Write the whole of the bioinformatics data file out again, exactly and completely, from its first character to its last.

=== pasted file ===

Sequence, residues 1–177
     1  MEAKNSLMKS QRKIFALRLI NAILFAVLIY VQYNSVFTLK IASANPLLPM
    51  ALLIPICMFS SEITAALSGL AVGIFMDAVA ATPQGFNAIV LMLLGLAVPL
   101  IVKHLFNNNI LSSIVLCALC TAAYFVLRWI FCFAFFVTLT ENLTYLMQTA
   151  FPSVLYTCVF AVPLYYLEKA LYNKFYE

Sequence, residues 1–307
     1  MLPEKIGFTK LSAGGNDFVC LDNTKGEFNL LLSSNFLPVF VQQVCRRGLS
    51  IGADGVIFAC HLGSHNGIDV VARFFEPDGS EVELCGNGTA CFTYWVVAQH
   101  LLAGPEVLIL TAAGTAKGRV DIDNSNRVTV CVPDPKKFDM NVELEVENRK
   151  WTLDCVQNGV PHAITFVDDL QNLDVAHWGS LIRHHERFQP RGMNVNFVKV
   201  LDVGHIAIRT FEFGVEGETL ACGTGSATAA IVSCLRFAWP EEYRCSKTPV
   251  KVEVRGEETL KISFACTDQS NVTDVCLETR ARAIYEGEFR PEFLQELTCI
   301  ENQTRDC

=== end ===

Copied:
Sequence, residues 1–177
     1  MEAKNSLMKS QRKIFALRLI NAILFAVLIY VQYNSVFTLK IASANPLLPM
    51  ALLIPICMFS SEITAALSGL AVGIFMDAVA ATPQGFNAIV LMLLGLAVPL
   101  IVKHLFNNNI LSSIVLCALC TAAYFVLRWI FCFAFFVTLT ENLTYLMQTA
   151  FPSVLYTCVF AVPLYYLEKA LYNKFYE

Sequence, residues 1–307
     1  MLPEKIGFTK LSAGGNDFVC LDNTKGEFNL LLSSNFLPVF VQQVCRRGLS
    51  IGADGVIFAC HLGSHNGIDV VARFFEPDGS EVELCGNGTA CFTYWVVAQH
   101  LLAGPEVLIL TAAGTAKGRV DIDNSNRVTV CVPDPKKFDM NVELEVENRK
   151  WTLDCVQNGV PHAITFVDDL QNLDVAHWGS LIRHHERFQP RGMNVNFVKV
   201  LDVGHIAIRT FEFGVEGETL ACGTGSATAA IVSCLRFAWP EEYRCSKTPV
   251  KVEVRGEETL KISFACTDQS NVTDVCLETR ARAIYEGEFR PEFLQELTCI
   301  ENQTRDC